The Bay Area chapter of the nation’s most prominent environmental organization took the unusual step of silencing its smaller Tri-Valley Sierra Club group over public comments perceived as being hostile toward a solar power facility planned for hundreds of acres of farmland north of Livermore.

In a letter to the Alameda County Board of Supervisors, two volunteer leaders with the Sierra Club San Francisco Bay Chapter and a senior representative for the environmental group’s statewide green energy campaign expressed general support for the Aramis Solar Energy Generation and Storage Project.

“On behalf of the Sierra Club, we write to clarify previous comments that have been made by the Sierra Club in regard to the Aramis solar and storage project,” the Aug. 18 letter said. “This letter is to supersede all previous comments made by the Sierra Club on this project, and Alameda County solar policy more generally.”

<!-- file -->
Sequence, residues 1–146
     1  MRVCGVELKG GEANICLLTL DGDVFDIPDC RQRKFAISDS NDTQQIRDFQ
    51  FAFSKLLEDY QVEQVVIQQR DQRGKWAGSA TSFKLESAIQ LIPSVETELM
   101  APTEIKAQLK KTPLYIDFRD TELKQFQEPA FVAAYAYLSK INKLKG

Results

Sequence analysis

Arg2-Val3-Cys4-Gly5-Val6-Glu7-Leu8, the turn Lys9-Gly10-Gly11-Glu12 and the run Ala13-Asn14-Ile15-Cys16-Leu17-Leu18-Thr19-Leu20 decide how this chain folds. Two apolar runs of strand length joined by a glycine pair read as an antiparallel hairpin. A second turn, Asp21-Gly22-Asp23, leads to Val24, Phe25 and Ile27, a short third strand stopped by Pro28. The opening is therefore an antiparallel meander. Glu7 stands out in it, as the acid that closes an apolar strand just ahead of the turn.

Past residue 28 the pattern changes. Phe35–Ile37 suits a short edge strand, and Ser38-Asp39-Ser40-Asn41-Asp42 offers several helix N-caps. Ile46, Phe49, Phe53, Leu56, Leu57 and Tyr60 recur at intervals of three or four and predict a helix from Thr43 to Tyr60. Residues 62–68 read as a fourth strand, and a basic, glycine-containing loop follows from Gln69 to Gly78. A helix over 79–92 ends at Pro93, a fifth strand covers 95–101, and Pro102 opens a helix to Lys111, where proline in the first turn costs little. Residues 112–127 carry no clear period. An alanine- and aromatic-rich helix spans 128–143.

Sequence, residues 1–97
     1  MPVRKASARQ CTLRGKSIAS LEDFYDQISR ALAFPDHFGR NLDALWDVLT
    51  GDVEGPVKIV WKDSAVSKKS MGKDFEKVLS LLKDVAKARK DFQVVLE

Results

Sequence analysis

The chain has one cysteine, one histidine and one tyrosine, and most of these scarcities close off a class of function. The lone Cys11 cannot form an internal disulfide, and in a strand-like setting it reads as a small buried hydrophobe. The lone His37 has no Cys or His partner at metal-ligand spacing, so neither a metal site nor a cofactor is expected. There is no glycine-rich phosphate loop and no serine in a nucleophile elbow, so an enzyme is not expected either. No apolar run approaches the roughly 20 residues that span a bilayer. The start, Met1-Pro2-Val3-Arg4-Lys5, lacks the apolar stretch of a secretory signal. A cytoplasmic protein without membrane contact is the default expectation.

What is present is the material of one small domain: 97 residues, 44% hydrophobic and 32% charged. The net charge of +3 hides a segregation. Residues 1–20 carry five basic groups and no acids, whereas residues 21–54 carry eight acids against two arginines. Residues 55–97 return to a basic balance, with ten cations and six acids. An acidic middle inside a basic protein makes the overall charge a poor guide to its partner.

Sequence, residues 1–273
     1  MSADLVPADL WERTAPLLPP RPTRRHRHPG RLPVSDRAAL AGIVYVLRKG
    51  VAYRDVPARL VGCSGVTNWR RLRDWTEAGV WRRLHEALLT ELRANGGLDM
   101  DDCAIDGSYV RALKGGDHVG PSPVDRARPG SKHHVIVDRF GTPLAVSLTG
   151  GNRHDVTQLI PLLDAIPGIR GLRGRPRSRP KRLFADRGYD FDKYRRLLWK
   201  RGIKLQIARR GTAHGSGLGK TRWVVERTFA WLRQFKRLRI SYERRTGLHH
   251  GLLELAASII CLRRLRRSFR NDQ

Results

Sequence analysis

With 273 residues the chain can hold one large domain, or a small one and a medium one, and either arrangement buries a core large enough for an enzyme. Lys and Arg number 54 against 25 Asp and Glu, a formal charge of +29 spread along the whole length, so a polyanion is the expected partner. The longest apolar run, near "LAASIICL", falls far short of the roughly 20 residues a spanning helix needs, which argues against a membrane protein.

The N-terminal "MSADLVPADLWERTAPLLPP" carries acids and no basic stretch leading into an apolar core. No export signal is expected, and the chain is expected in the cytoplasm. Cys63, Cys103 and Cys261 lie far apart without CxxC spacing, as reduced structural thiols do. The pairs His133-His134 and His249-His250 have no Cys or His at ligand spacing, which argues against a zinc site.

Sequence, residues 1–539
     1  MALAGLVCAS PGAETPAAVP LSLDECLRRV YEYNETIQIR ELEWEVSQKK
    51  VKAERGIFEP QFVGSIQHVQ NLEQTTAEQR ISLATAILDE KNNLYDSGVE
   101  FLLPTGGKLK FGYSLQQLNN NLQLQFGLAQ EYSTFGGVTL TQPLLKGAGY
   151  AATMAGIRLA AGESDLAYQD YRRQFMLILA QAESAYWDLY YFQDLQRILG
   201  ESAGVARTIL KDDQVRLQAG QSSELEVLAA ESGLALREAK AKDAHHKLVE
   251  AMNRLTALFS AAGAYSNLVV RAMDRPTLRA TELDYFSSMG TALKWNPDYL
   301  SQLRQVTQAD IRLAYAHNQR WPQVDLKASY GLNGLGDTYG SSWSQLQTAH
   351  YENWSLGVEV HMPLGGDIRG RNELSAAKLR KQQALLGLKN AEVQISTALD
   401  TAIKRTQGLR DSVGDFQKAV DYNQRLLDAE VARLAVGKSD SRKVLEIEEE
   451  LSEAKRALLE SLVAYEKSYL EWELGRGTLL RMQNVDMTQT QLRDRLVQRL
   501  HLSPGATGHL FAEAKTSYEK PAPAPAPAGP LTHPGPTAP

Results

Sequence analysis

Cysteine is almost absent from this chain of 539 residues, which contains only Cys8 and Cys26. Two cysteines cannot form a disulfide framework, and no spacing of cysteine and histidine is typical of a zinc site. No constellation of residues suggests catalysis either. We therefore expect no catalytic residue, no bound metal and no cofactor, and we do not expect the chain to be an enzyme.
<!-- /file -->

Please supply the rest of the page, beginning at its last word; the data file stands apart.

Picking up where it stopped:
The Bay Chapter representatives insist the organization remains neutral for now, but the generally upbeat tone of the letter, which is devoid of critical analysis of the specific proposals, led some to believe it represented the Sierra Club’s stamp of approval.

As California ramps up large-scale solar power projects to achieve its aggressive renewable energy mandate, organizations like the Sierra Club are grappling over how to balance potentially conflicting goals of safeguarding wildlife habitat and greening of the electrical grid.

The Bay Chapter represents 40,000 Sierra Club members in San Francisco, Marin, Contra Costa and Alameda counties. The chapter is divided into eight local groups, including the Tri-Valley group, which keeps tabs on issues of concern in eastern Alameda County on behalf of the organization.

After the solar development companies SunWalker Energy of Oakland and San Francisco-based Intersect Power submitted permit applications to build large commercial solar installations within the Tri-Valley Sierra Club’s territory more than two years ago, the Tri-Valley group became active in the public review process.